As a result of preparing for a 230 mile hike ( The John Muir Trail, the extra is due to our back-door permit obtaining tactics), I have been forced to confront a fact about myself that I am not particularly excited about. Yes, I am a JMT bully.
Yes, I admit it, I have been hounding my future hiking companions to make decisions already! It drives me nuts not to know how we are getting to the trail and how we are getting back from it, where our resupplies will be and how much time I need to ask for from work. Granted, it is four months away. But also granted, shuttles get full. Bosses schedule meetings. Even as I write this, it sounds ridiculous. Four months. A lifetime! Yep, I'm a JMT bully.
This experience has reminded me that there are two kinds of outdoor people: the ones who plan obsessively and the ones who show up on the day of, trusting all will go well. For a brief, regrettable time I dated one of the latter. While his go-with-the-flow tendencies smoothed out my rough edges, we spent a lot of time driving aimlessly through a foreign country without a place to sleep. We drove aimlessly a bunch more trying to figure out where to go, wasting a lot of time when we could have been hiking.
That's not to say that my approach is a lot better. Compulsive planners can be truly annoying. If you have everything nailed down, that eliminates the joy and surprise of taking a side trail, climbing an extra peak, or changing things mid-stream. We don't go into the woods to know what we are doing every minute of the day.
I like to think that I can embrace both worlds. Slowly my go-with-the-flow attitude has eroded over the years, due in part to moments of sheer terror and freezing and hunger due to not having planned enough. Running out of food on a backcountry patrol as a wilderness ranger. Bivvying in a rain-swept swamp. Pushing our tent back into the trees farther and farther as the tide grew closer and closer. But I can still find that seamless feeling as long as I have the bones of the trip figured out. You know. Important stuff. Like when we are starting. Like that I won't have to find myself hitchhiking down Highway 395.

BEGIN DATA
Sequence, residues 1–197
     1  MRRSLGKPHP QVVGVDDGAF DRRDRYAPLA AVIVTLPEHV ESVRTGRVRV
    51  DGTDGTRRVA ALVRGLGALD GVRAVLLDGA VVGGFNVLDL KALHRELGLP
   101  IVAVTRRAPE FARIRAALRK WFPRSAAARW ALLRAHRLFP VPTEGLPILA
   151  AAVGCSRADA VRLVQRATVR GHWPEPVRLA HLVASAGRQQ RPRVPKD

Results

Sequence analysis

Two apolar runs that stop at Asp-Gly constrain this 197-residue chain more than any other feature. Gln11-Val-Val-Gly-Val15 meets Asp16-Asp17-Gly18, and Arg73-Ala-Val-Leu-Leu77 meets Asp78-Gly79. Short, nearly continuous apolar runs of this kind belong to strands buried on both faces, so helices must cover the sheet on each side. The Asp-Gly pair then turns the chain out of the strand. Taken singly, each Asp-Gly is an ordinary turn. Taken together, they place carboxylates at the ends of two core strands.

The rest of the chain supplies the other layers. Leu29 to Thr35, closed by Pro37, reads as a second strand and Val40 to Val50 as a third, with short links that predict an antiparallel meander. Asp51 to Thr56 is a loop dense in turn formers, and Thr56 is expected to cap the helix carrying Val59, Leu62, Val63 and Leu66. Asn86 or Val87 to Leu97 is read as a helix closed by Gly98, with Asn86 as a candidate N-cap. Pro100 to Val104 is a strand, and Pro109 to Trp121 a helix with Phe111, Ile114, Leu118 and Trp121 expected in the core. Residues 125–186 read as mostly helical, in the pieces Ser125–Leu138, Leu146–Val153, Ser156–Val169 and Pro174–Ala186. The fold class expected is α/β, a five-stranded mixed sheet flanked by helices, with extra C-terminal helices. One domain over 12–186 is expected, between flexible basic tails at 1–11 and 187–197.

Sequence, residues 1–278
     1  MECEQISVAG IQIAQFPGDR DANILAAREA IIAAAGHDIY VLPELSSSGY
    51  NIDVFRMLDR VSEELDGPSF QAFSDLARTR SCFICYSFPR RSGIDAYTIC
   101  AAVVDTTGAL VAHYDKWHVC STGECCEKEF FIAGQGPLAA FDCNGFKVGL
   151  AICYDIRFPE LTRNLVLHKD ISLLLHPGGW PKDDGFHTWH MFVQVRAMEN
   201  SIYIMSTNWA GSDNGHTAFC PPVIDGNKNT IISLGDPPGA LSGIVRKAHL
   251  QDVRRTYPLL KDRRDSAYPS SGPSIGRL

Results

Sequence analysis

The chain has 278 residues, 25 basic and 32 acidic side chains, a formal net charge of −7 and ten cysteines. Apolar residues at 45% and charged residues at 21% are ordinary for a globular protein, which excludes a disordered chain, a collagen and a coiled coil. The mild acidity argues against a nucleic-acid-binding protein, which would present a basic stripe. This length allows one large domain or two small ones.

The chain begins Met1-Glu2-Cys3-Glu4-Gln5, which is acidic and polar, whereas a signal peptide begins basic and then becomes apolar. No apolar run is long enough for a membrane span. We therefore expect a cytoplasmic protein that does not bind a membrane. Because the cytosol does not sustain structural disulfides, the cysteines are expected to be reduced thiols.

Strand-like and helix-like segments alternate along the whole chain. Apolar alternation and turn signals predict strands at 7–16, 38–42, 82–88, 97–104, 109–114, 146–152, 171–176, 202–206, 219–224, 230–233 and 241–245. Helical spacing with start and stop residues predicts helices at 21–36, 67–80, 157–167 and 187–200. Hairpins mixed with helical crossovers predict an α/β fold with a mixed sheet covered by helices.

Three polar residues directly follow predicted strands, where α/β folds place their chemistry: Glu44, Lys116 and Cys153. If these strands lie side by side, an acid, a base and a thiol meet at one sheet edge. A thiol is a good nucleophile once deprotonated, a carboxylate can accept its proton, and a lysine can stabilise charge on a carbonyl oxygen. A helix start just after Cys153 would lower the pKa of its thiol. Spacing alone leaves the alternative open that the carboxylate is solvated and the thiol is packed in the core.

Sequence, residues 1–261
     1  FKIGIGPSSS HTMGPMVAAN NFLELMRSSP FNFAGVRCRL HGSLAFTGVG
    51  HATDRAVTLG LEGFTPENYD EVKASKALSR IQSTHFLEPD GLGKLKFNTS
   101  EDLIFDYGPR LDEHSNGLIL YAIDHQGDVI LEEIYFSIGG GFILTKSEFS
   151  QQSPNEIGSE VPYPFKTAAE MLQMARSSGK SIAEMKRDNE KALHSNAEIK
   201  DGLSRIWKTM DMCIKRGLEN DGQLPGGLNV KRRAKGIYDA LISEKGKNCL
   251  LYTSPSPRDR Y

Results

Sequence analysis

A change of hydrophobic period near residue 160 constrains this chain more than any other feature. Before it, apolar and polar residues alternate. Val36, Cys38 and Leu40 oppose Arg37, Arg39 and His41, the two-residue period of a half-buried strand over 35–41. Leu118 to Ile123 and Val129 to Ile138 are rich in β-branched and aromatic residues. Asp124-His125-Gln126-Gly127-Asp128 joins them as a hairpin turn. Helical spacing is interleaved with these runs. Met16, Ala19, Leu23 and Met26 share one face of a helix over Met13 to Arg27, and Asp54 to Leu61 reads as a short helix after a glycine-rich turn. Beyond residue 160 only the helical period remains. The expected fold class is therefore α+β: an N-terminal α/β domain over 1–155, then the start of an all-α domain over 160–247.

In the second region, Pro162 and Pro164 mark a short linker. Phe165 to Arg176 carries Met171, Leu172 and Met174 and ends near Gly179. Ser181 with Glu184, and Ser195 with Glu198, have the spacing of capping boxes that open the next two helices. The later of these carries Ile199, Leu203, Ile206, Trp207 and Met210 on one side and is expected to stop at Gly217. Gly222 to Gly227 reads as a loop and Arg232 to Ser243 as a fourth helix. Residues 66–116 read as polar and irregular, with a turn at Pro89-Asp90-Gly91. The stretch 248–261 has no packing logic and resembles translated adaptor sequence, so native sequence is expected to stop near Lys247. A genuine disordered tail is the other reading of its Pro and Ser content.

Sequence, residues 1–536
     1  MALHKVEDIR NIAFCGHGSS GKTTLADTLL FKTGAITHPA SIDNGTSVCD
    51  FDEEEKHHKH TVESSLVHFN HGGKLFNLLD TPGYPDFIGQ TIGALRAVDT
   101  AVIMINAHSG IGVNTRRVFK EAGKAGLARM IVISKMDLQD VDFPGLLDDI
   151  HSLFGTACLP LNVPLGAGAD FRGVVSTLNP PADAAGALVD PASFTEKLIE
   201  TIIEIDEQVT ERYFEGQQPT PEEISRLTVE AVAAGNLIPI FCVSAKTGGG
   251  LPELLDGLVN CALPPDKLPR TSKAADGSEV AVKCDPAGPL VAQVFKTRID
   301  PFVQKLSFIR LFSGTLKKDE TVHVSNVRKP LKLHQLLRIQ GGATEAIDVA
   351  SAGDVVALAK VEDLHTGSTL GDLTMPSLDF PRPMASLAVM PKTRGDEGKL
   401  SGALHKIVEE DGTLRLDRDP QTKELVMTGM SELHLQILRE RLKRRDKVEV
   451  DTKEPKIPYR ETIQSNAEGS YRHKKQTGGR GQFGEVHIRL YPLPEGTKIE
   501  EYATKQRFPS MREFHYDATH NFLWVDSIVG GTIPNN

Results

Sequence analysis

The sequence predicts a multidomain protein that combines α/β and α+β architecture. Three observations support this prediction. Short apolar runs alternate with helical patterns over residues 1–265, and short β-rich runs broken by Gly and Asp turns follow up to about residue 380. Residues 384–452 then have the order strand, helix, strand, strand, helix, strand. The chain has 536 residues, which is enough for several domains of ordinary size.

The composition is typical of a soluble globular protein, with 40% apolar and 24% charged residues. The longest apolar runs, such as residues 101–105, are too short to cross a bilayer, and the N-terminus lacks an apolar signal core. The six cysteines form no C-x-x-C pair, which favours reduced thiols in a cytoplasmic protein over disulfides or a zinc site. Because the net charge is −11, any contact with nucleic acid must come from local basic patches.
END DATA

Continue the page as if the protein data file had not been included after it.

The truth is, though, even obsessive planning can't eliminate every risk. You can still end up lost, mad, alone. For most of my twenties, I meandered through life, only planning for six months at a time. It was wild and glorious and lonely and terrifying. In the past three years my life has been much more circumscribed. I got married. I bought a house. I went to retirement training (can't plan much more than that). It has been sweet and suffocating and wonderful and terrifying.
Why I almost always prefer going solo is this: I can be my own neurotic self. I can over or underplan. I can eat cheese and tomatoes for dinner if I want. I can start hiking before six am. I can push myself through conditions where others would want to turn around, or I can bail out because it just isn't worth it on that day. Going on a trip--a really big trip--with people I don't really know is not easy. I tell myself it will be worth it because sometimes, alone, I want to share sunsets. I want someone else to have a memory so we can come back to it later, years later, when maybe such a long hike is out of the realm of possibility.
I've decided to stop my JMT bullying, though. It will be good for me to regain that carefree feeling of flying without a net for awhile. A little while. But come June, watch out.
What's your planning style? Do you like going it alone or do you prefer groups? Is there hope for a JMT bully?